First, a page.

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Chemical and physical characterization of non-tailpipe and tailpipe emissions at 100 locations near major roads in the greater Boston Area

Principal Investigator: 

The investigators are characterizing contributions to ambient particles released directly (tailpipe and non-tailpipe emissions) and indirectly (resuspended road dust). They will identify variables that may influence the emissions, using a mobile sampling platform to collect particle samples in the Greater Boston area.

Funded under

Abstract for the 2017 HEI Annual Conference

Chemical and Physical Characterization of Non-Tailpipe and Tailpipe Emissions at 100 Locations near Major Roads in the Greater Boston Area
Petros Koutrakis, Brent Coull, Joy Lawrence, Marco Martins, Stephen Ferguson, and Jack M. Wolfson
Harvard TH Chan School of Public Health, Boston, MA, USA
Background The purpose of the proposed research is to develop sampling and statistical analysis methods to improve assessment of exposure to traffic particles and pollutants for health effects studies, characterize direct (tailpipe and non-tailpipe) and indirect contributions, and identify parameters which influence them.
Methods Using a mobile sampling platform equipped with coarse and fine particulate matter (PM) concentrators we will collect ambient ultrafine, fine minus ultrafine (accumulation mode), and coarse particle samples near roads in the Greater Boston. In addition, we will collect PM2.5 and PM10 samples of aerosolized surface road dust in situ, using our Road Dust Aerosolization (RDA) sampler developed as part of this study. We will collect these road dust and ambient PM samples at three distance ranges (including background) from each of the 100 major (A1, A2, and busy A3) road sites to be included in this study. Each day of sampling, we will also collect continuous particle count, particle mass, traffic, and weather data at all 3 locations simultaneously, to assess temporal variability at sites. Potential sites are identified using Google Earth/Google Maps and evaluated during a site visit. To address temporal variability, a subset of sites will be visited multiple times in different seasons.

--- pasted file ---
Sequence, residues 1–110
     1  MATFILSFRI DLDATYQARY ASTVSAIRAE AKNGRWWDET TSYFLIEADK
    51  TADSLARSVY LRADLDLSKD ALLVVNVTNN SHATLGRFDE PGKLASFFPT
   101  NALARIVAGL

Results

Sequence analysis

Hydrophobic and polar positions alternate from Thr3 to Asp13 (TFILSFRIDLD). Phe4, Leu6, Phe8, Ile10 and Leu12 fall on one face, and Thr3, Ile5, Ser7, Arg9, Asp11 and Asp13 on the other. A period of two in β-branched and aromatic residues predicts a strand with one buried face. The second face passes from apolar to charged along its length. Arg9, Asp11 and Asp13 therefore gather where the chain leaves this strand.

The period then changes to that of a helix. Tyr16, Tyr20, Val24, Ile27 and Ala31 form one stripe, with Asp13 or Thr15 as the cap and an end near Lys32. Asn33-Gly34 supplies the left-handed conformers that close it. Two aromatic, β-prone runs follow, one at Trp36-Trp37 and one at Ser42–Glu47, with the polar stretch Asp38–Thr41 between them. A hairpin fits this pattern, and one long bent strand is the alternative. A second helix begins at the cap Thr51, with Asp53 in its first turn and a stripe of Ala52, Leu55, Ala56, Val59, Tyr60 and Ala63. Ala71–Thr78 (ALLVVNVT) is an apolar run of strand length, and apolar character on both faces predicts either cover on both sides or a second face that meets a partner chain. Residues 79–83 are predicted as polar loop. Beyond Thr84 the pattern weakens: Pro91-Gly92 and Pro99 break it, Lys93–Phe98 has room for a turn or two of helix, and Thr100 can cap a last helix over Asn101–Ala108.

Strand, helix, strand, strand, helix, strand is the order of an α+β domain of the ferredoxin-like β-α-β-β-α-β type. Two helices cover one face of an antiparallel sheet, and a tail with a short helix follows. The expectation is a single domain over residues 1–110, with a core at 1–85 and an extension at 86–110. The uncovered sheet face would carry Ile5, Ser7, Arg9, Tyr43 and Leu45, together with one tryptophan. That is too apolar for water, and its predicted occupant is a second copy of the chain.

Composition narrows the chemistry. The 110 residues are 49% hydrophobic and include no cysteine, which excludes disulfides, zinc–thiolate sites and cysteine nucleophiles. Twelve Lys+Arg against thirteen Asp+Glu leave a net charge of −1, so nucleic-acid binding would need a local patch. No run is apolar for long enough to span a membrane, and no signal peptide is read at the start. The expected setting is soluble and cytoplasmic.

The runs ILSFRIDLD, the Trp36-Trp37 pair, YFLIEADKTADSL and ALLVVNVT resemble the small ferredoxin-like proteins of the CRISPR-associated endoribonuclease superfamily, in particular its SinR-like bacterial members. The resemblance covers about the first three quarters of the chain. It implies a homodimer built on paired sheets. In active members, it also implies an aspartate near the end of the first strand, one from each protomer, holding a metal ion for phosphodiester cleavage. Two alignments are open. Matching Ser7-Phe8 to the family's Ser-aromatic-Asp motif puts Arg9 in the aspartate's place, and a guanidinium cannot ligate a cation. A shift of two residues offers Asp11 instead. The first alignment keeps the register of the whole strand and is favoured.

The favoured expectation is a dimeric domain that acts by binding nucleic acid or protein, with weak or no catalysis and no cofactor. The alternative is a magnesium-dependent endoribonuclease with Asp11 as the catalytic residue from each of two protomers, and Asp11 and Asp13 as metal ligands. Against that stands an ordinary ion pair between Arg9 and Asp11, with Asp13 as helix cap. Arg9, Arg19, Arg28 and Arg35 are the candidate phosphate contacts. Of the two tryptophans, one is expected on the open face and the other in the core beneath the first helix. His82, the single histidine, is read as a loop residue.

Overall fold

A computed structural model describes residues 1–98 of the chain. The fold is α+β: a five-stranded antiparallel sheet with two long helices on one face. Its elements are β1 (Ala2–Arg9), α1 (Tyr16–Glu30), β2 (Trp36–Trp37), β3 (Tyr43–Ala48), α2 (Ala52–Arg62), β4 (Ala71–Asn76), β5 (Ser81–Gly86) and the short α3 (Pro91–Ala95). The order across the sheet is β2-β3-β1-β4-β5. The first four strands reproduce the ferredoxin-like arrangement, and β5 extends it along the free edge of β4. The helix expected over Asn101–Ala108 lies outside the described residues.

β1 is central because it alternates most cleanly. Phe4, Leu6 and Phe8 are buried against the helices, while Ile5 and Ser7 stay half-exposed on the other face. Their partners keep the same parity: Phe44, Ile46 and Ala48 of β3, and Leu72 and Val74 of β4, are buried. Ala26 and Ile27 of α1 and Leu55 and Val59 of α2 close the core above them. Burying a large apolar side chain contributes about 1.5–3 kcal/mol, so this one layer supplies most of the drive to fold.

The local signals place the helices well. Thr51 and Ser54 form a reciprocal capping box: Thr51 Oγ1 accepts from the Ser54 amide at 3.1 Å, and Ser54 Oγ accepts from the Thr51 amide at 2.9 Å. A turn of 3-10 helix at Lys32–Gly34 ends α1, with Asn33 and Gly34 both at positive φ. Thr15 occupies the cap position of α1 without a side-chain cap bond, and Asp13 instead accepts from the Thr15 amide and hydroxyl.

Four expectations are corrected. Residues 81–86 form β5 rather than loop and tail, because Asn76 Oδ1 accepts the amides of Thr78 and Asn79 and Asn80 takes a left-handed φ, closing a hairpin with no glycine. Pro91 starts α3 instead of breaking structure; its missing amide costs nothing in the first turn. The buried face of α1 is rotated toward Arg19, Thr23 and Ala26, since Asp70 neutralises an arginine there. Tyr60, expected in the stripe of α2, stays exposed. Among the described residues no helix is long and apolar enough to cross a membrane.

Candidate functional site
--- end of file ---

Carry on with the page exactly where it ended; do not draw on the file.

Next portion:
Results We performed a small scale pilot study, using the RDA sampler and continuous and integrated sampling methods along a busy A2 road, a background location, and an intermediate distance from the main road. Results from pilot work show distinct differences in PM composition and concentration among the different distances. PM concentrations were highest at the roadside site, but the differences were small. Consistent concentrations over multiple days between sampling locations indicates that background concentrations represent a large fraction of the total PM. Trace elemental analyses indicate relative enrichment of elements related to vehicular emissions (such as Ca, Zn, Cu, Mn, Mg, and Ba) at the main road site compared to background and intermediate sites in both coarse and fine fractions.

Ten sites have been identified for 3 repeated visits each: 3 at A1 roads, 3 at A2 roads, and 4 at A3 roads. Roadside locations were evaluated for ease of access, presence of suitable intermediate and background sites, absence of nearby construction and other identifiable point sources. Owners of privately held properties were identified from public record (e.g., assessor databases) to seek permission to locate continuous monitors 6-8 hours on 3 days during a one year period.

Conclusions Pilot test findings are supportive of vehicular sources for elements such as Ca, Zn, Cu, Mn, Mg, and Ba, and also of our expectation that we will be able to differentiate crustal material from re-suspended road dust in short duration ambient samples at different distances from the main road.